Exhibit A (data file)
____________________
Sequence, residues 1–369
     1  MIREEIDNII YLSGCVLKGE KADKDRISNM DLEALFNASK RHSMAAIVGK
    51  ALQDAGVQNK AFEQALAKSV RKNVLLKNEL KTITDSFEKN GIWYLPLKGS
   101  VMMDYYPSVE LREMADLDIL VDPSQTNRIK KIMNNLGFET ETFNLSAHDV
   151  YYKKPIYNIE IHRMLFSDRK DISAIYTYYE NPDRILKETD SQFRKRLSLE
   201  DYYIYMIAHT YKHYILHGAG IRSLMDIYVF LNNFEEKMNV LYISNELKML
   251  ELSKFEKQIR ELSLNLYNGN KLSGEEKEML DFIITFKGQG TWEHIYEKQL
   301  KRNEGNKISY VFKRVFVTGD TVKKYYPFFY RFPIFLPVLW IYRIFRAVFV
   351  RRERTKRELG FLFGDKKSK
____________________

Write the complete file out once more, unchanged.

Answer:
Sequence, residues 1–369
     1  MIREEIDNII YLSGCVLKGE KADKDRISNM DLEALFNASK RHSMAAIVGK
    51  ALQDAGVQNK AFEQALAKSV RKNVLLKNEL KTITDSFEKN GIWYLPLKGS
   101  VMMDYYPSVE LREMADLDIL VDPSQTNRIK KIMNNLGFET ETFNLSAHDV
   151  YYKKPIYNIE IHRMLFSDRK DISAIYTYYE NPDRILKETD SQFRKRLSLE
   201  DYYIYMIAHT YKHYILHGAG IRSLMDIYVF LNNFEEKMNV LYISNELKML
   251  ELSKFEKQIR ELSLNLYNGN KLSGEEKEML DFIITFKGQG TWEHIYEKQL
   301  KRNEGNKISY VFKRVFVTGD TVKKYYPFFY RFPIFLPVLW IYRIFRAVFV
   351  RRERTKRELG FLFGDKKSK